19 January 2006

4 years, hot flashes, and meds

If her test results come back all right, my mom will have been cancer-free for four years. There won't be any celebration or "Rah! I survived!" sentiments. If it's fine, she'll most likely forget to tell me.

I remember when she called five years ago to tell me her diagnosis: uterine cancer. I had just been home for Christmas a couple weeks before, and I was annoyed that I'd been left in the dark while I was home. I was living in Tallahassee at the time, but I offered to fly back. She told me not to worry, not to come, but she sounded upset despite her best efforts. I wanted all the details, but she didn't really know them. My questions unsettled her and her ignorance alarmed me.

At work the next day, my mind was consumed with what would happen next. I had a good deal of free time that day, so I read everything I could find about it on the web. Diagnostic procedures, types of uterine cancer, stages, treatments. The more technical the medical jargon became, the more thankful I was for my liberal arts education. If she had endometrial adenocarcinoma and the biopsy showed growth of a small enough amount, then the proposed surgery would be considered curative. When I called back, what she had found out meshed with my research. It had been caught early enough, so radiation therapy wouldn't be necessary unless it recurred.

That was five years ago. She chooses not to think about it, but she hasn't really been the same since. Her awareness of her mortality colors her moods, decisions, and opinions. As a result of the cancer, she had to discontinue hormone replacement therapy which threw her headlong into unabated menopausal symptoms. Her doctor (whom she likes) is male and clearly has no grasp of daily life with hot flashes. He's been telling her their severity would dissipate for years now except that they haven't. I understand and respect his unwillingness to prescribe hormones that could re-trigger cancer growth, but his female physician assistants had told my mom there were other things she could take for it. For over a year, I've been telling her to see someone else or to at least convey to him that her hot flashes are not some simple blush but rather full-on sweat attacks.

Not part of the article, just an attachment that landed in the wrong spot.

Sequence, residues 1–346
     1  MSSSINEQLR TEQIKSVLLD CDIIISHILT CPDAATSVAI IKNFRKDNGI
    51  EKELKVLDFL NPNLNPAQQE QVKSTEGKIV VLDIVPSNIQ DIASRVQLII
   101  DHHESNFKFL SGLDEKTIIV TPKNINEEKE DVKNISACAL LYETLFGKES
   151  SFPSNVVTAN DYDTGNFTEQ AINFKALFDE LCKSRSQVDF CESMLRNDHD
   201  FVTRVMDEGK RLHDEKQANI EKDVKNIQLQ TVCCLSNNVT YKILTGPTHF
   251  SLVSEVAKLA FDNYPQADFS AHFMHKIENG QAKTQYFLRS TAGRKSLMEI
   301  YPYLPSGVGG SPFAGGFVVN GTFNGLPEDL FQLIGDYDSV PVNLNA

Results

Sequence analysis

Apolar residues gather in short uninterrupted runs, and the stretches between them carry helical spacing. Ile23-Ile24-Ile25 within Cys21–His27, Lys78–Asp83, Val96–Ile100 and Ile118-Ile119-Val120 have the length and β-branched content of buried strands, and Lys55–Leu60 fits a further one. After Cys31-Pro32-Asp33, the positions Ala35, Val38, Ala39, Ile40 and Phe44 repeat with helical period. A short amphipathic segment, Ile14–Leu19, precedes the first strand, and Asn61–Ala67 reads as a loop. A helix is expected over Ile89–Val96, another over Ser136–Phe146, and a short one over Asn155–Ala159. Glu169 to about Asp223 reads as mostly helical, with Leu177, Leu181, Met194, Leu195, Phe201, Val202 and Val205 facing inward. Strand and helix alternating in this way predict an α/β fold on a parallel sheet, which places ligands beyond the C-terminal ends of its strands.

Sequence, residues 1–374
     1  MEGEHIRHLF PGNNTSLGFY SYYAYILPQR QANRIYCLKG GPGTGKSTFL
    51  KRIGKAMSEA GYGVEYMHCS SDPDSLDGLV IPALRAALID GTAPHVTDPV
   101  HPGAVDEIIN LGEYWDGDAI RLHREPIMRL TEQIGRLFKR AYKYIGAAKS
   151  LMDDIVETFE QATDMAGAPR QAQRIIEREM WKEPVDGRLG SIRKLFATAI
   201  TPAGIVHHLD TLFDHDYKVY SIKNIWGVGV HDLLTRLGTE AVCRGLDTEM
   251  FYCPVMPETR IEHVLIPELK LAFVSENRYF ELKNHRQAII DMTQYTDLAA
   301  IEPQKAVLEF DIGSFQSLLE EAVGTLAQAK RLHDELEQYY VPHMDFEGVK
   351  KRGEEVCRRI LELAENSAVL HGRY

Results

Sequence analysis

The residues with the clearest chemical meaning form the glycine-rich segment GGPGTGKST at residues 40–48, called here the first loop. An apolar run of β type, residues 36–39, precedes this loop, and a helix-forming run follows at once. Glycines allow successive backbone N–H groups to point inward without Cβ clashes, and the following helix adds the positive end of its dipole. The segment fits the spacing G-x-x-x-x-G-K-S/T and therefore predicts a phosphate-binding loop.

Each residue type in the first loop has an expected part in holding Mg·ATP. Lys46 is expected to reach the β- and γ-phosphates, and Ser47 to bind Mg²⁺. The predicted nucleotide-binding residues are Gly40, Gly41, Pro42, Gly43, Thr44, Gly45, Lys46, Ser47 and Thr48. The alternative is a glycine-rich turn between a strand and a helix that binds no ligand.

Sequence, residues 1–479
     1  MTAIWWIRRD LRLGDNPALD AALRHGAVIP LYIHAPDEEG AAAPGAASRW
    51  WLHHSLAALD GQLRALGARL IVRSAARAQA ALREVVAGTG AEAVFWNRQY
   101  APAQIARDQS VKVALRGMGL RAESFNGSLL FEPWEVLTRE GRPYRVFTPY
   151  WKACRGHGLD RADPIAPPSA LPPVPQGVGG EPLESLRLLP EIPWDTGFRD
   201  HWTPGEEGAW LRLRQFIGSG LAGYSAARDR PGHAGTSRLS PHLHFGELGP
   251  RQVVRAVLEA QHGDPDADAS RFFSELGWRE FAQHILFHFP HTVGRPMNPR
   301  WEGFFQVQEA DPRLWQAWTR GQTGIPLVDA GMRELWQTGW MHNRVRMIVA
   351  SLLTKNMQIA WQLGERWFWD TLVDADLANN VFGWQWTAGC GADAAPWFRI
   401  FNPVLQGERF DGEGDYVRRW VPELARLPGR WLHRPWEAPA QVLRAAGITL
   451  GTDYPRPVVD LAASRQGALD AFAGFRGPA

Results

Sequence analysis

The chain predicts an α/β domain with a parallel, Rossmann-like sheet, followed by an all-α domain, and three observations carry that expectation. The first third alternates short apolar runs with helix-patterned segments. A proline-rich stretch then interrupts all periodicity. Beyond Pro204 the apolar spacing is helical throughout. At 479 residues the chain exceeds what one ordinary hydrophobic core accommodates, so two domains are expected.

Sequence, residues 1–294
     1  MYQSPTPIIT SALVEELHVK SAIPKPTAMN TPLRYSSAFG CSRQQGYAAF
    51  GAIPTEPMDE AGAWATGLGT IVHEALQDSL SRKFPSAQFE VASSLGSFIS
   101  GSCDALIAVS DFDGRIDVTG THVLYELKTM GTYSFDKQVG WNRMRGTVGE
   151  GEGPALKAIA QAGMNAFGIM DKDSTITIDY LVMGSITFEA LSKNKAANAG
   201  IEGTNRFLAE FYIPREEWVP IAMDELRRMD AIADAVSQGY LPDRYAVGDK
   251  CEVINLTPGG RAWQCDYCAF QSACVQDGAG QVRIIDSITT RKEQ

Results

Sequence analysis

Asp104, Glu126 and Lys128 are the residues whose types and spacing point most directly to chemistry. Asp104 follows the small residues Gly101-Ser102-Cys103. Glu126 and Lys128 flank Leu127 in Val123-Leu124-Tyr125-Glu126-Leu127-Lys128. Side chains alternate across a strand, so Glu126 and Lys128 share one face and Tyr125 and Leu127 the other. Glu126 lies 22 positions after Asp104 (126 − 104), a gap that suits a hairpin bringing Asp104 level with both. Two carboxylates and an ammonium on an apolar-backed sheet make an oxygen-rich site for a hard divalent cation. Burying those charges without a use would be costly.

At last it seems she took my advice and talked to him about it. Of all things, it seems an antidepressant might do the trick. "Because then you won't care," mom joked.

I smirked and shook my head because I understood quite well her opinion of "mood altering drugs." I'm excited by this development though, and I think the choice of an antidepressant was deliberate for additional reasons. It was her doctor who asked her what she thought about making it four years cancer-free, if she had any ritual or plans to celebrate. It may be just the thing to shake out the low-level depression that lurks in her system.

Having mixed feelings about my past experience on meds, I know it's more complex than that. Even now, my dear friend Splice thinks depression is getting the better of me, but what I'm trying to figure out is not something that meds or therapy can resolve or fix. Besides, I hated being on meds and ultimately found them more cumbersome than helpful. I can only hope that my mom will reap the benefits I've seen in many others. I'd just like to see her happier.

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  1. At least your mother will go to the doctor...my mother hasn't been in years, despite the fact that she's 56, smokes like a chimney, and has started losing her teeth. She doesn't eat properly (she's underweight), and sometimes has horrible asthma attacks that leave her bedded down for days.

    The last time I mentioned that she should go, she screamed at me for 15 minutes, and froze me out for 15 days. I don't get it.

  2. Here's to your mom getting over the hot flashes soon - like my mom did. And even if we had some laughs (not malicious) whenever suddenly her glasses would "fog up" from the heat - I'm happy she's over it. As is she!

    And for your own sake: I'm sure you'll work it out, whatever it is - I actually belive in happy thoughts and little frases of motivation you may repeat to yourself - in time you'll start to believe it and then it comes true!

  3. Here's hoping her reports come back clean and cancer free. My mom was a three-time cancer survivor. She went through hell and treatments and surgery, and she was an amazing trooper through it all.

    Very best wishes for good health - and an end to hot flashes - for your mom.



  4. Jeopardygirl: that's got to be rough. Sometimes you just can't get people to do what's best for them.

    Rarity & Merujo: Thanks for the kind words. I think my mom's been rather a good sport about her hot flashes, but they also interrupt her sleep, and that's just got to wear on a person after a while (and certainly after a couple years- as if my dad's snoring wasn't bad enough!).

    She was a smoker for a long time, so I'm actually more concerned about what that may herald in the future. But until something comes up, there's just living your life to do.

  5. Wishes for good health for you Mom. I went through something very similar with my own mother and breast cancer. Illness really sucks!